Ambitious Brew: The Story of American Beer
In an earlier post, I wrote about the oddness of Pabst Blue Ribbon including this blurb on their cans – ‘‘Selected as America’s Best in 1893’’.
Seemed weird to me because it essentially states that they’ve achieved nothing of note since. Just as weird is the story behind how they got to be America’s best that year, which is laid out in Maureen Ogle’s excellent book Ambitious Brew: The Story of American Beer.
In that year the World’s Columbian Exposition was held, commemorating the 400th anniversary of Christopher Columbus’ encounter with the new world. As part of the expo was a beer competition where the beers would be judged, not against each other, but a set of criteria. Any beer that met that criteria would get a certificate and a bronze medal.
The bigger brewers like Frederick Pabst and Adolphus Busch (of Budweiser fame) didn’t like that at all – they didn’t want to take home the same medal as some two-bit brewer from Podunk, Arkansas. And so the judges,
with connections to Pabst or Busch changed the rules and created their own scoring system which included 20 points awarded for ‘‘commercial importance’’ (a phrase none of the judges could actually explain).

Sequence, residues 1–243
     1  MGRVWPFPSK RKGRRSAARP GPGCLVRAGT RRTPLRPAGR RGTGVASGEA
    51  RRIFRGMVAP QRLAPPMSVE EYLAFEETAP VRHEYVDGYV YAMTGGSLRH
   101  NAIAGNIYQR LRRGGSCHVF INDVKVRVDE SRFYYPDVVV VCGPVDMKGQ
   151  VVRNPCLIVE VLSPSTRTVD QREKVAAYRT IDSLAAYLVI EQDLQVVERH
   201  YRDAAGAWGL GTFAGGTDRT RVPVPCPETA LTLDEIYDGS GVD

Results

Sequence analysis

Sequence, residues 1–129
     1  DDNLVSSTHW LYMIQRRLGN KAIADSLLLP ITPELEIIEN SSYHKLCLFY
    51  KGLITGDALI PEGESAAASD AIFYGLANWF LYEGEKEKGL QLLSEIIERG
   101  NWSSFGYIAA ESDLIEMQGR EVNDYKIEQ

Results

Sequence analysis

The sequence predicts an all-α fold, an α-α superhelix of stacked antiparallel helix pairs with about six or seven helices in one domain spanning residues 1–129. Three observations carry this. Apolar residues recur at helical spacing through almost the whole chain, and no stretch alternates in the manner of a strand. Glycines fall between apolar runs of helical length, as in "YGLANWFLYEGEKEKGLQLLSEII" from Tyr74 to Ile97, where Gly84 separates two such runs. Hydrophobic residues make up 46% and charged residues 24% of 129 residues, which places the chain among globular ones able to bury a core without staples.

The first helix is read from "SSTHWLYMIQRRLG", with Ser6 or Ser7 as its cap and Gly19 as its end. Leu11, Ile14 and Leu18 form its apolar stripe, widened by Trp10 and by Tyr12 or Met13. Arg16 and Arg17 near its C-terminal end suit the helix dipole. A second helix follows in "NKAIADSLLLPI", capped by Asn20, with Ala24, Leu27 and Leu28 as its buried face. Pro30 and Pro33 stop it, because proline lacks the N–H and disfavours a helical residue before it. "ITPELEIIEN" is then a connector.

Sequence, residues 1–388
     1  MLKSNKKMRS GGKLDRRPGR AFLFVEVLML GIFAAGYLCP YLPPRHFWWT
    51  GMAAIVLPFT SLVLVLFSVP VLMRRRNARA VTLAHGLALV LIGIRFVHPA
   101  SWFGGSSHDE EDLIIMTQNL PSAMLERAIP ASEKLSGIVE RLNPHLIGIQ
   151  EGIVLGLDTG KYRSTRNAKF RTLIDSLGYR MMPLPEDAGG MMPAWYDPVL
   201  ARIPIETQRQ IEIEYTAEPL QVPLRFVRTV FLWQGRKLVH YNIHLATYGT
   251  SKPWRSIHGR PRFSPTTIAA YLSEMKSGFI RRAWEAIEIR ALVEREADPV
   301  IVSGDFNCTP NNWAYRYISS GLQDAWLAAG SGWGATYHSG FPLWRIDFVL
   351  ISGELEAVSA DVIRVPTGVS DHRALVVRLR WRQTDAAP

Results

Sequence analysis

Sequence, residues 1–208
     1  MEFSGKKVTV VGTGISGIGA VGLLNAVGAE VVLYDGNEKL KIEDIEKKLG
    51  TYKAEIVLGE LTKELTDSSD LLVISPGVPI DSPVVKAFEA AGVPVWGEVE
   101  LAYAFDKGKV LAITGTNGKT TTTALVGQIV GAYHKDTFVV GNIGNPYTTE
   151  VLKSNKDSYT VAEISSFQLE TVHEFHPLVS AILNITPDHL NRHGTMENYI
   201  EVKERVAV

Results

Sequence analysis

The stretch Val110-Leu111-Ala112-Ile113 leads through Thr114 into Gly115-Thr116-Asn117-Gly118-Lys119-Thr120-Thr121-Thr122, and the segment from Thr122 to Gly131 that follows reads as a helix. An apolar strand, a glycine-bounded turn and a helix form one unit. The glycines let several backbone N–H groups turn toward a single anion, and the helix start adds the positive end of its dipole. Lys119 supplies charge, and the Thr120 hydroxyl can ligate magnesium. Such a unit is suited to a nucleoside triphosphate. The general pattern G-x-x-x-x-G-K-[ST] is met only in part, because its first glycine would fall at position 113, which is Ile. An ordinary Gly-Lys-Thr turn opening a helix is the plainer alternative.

Even though the bronze medals would still be awarded to all who met the criteria, the point system meant that brewers figured the highest scorer would be ‘‘the best’’. And both Pabst and Busch wanted that to be their beer. Newspapers reported seeing Busch shouting the judges dinner and other brewers were alleged to offer them bribes as well.
Going into the last round Busch had a two-point lead over Pabst, which led him to proclaim his beer the winner. But Us chief chemist Harvey Wiley, who oddly had to analyse each beer against a sample he had brewed (even though he had no brewing ability), hadn’t handed in his results yet.
When he did, three of the judges didn’t like them and so changed the figures, giving the lead to Pabst. But the other two objected and, after much argy bargy, Pabst was pronounced the winner by a score of 94.6 to Busch’s 94.3.
Needless to say, Busch was pissed off. He objected to dodgy test results that saw him lose the points. An appeal failed and then the executive committee handed the matter to one of the judges to make a final decision. So Busch went looking for the judge in Europe and wined and dined him and got the judge’s approval in writing.
Not that it mattered – while he was gone, the executive committee changed their minds and closed the matter. Pabst then concluded that he was the winner – and presumably not long afterwards, added the slogan to PBR that is still there today.
This and other fascinating tales are in Ogle’s American Brew. If you’re a beer fan and you haven’t read it yet, you really should fix that up quick-smart.